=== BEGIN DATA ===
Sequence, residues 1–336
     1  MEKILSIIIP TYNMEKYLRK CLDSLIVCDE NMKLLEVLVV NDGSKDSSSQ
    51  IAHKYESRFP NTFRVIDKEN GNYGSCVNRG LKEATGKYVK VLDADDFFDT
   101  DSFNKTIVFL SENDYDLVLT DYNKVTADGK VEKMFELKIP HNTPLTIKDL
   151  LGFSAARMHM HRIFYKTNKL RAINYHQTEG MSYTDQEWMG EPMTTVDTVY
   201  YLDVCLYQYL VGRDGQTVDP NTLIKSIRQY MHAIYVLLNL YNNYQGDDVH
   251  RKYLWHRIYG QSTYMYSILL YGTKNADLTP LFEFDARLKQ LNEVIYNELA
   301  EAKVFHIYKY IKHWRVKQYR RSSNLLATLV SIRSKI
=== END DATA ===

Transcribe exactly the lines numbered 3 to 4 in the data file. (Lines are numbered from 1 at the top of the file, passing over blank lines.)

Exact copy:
    51  IAHKYESRFP NTFRVIDKEN GNYGSCVNRG LKEATGKYVK VLDADDFFDT
   101  DSFNKTIVFL SENDYDLVLT DYNKVTADGK VEKMFELKIP HNTPLTIKDL